Revolution #212, September 26, 2010

Seattle Police Murder Sparks Outrage: Justice for John T. Williams!

The following is an edited version of a statement received from Revolution distributors in Seattle:

On August 30, John T. Williams was making his way down a busy Seattle street, holding a folding three-inch carving knife and a piece of wood. John was known for his beautiful totem poles and other carvings. He came from a family of wood carvers from the Nuu-Chah-Nulth Dititdaht First Nations people on Vancouver Island in British Columbia.

It happened in little more than an instant. Seattle cop Ian Birk saw John, jumped out of his car, and yelled at him to drop the knife. John was deaf in one ear, and according to reports, a person who suffered from the horrible disease of alcoholism. So he had difficulty understanding what people were saying to him immediately. Within 60 seconds of jumping from his car, Birk pumped four bullets into John. As Williams lay dying, one of his friends confronted Birk about the shooting and, without cause, was promptly thrown to the ground and arrested.

Immediately, the police moved to justify the Williams murder. They claimed John had menacingly come at Birk with his knife. But eyewitnesses exposed this as a lie. Witness Amber Maurina said John did not look threatening or aggressive and "didn't even look up at the officer," and that "from what I saw, it didn't look right at all." Another witness said of the police account, "When I heard that story, I was really upset because it was just total counter to what I witnessed." After this got into the press, the police changed their story, saying they didn't know what happened and were trying to get answers.

Williams' murder has sparked widespread outrage. Broad sections of people have spoken out about John's character and that it wasn't like him at all to pose a threat to an armed cop. Others have written "letters to the editor" and protested the police actions.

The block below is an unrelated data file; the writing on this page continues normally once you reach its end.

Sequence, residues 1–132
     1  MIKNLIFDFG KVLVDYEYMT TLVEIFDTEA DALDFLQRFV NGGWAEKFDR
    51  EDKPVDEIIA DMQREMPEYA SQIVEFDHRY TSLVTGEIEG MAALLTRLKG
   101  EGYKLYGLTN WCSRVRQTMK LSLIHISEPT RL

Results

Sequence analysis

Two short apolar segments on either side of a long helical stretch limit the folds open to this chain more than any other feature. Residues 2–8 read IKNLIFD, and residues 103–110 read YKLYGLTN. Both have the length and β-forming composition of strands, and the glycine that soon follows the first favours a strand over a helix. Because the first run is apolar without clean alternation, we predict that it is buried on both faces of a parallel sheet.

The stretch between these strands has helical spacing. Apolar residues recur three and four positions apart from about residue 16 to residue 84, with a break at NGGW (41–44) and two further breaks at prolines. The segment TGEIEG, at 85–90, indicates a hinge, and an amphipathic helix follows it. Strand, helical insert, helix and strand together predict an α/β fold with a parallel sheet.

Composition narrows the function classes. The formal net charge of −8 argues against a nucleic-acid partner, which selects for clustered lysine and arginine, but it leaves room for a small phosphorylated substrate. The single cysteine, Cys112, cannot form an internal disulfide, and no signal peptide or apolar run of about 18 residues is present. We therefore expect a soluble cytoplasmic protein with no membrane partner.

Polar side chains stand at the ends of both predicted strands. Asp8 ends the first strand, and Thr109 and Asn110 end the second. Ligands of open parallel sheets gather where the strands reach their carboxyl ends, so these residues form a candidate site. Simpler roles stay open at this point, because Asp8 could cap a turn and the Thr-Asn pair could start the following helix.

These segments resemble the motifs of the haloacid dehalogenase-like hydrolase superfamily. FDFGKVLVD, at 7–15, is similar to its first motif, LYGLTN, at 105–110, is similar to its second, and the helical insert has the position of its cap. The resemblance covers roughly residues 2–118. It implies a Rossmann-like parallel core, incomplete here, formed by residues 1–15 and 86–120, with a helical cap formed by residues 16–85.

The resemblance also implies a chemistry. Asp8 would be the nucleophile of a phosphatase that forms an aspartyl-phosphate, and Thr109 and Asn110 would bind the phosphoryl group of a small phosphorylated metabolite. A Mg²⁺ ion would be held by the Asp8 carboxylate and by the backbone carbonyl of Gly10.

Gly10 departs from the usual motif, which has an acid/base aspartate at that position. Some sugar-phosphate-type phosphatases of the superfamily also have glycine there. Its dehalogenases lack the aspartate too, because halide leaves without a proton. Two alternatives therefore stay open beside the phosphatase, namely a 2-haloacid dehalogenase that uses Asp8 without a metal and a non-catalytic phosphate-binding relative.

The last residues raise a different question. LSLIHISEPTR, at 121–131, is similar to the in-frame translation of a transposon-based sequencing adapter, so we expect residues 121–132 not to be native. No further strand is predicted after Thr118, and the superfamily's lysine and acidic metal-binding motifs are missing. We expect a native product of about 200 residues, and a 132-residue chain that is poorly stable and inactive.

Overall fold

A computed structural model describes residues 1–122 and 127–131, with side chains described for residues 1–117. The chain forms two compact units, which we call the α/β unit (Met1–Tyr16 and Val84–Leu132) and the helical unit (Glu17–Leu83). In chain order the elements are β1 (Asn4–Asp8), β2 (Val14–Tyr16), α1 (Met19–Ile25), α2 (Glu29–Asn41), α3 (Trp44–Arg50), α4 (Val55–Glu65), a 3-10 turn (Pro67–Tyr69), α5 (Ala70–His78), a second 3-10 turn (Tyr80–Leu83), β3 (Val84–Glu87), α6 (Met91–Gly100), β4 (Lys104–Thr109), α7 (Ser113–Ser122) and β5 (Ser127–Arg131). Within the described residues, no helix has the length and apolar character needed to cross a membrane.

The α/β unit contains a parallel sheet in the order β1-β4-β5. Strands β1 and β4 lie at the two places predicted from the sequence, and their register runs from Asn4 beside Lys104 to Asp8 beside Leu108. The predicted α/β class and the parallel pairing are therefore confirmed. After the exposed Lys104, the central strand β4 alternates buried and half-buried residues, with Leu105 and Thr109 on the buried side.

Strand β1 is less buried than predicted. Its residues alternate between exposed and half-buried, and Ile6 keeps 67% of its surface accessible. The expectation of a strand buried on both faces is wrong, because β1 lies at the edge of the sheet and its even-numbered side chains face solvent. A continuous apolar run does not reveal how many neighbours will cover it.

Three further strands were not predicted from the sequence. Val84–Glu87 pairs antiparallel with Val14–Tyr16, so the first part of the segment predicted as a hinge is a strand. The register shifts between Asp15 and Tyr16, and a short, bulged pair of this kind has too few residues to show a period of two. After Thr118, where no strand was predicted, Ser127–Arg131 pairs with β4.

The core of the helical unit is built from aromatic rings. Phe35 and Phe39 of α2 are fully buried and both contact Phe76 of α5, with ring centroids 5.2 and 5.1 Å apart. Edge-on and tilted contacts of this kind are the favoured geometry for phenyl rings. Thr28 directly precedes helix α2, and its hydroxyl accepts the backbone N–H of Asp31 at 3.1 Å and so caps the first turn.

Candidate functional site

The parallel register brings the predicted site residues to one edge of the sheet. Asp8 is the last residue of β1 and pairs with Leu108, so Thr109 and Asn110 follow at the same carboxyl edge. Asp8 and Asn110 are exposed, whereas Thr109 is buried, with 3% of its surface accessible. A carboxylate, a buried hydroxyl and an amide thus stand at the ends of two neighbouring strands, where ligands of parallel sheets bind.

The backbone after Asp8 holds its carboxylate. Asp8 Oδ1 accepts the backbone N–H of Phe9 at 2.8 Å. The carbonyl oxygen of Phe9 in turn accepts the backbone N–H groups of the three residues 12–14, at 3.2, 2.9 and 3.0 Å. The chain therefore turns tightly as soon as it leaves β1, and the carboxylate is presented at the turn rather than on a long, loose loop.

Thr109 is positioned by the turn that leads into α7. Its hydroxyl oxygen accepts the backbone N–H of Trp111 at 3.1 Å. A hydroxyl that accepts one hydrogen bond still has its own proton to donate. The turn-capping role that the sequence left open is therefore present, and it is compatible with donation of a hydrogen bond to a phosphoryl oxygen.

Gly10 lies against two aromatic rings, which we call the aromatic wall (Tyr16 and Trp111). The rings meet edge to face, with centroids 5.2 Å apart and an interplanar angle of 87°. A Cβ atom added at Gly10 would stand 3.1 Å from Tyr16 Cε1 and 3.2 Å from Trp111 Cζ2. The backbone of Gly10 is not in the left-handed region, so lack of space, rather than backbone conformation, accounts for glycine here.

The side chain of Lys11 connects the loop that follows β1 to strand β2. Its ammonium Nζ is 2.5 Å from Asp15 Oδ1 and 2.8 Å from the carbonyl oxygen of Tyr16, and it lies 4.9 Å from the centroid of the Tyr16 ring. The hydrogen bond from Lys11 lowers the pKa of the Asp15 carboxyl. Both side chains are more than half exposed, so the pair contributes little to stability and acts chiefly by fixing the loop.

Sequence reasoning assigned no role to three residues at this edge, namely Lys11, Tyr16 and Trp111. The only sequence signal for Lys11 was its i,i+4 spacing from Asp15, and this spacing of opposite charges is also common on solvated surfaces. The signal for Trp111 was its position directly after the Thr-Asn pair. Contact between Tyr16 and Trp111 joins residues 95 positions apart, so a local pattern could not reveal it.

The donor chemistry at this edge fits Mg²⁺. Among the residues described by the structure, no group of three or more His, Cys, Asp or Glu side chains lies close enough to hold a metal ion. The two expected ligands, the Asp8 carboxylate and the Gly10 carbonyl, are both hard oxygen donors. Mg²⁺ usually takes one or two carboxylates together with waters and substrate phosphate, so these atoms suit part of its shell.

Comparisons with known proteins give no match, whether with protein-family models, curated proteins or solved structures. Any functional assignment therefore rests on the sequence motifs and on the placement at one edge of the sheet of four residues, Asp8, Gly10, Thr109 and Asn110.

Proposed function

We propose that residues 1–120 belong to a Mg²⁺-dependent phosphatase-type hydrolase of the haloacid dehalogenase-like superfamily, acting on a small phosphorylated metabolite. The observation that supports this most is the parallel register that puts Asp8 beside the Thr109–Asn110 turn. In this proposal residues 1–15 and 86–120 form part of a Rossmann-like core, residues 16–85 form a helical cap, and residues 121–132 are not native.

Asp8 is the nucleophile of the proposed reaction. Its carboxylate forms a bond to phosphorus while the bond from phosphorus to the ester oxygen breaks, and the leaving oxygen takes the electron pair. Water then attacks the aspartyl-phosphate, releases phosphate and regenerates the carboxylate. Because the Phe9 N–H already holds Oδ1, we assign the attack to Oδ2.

John T. Williams was well-known in the Native American community in Seattle and among artists. One prominent store that caters to tourists on Seattle's waterfront said the store had bought carvings from John and his family for five generations. John, who had been homeless at times, was also well-known and liked among social service workers. The fact that he had ties to people in the community has made it difficult for the police to cover up and justify this murder.

People have responded with outrage and protest. Hundreds attended a candlelight vigil for Williams at the Chief Seattle Club, a center for native peoples that John frequented. Native American and Canadian First Nations leaders held a press conference and demanded a full investigation into the shooting. One person drew the largest applause when he said, "This policeman should be charged with murder."

On September 7, a protest was called at the site of the crime by the October 22 Coalition to Stop Police Brutality. The protest drew 150 people—many native proletarians, basic people from other oppressed nationalities, middle strata white youth, and revolutionaries. People close to John T. Williams and others spoke out against the police murder. Anger at the oppression of Native Americans poured out. One person said, "This is our land, they [the police] killed us on our land!"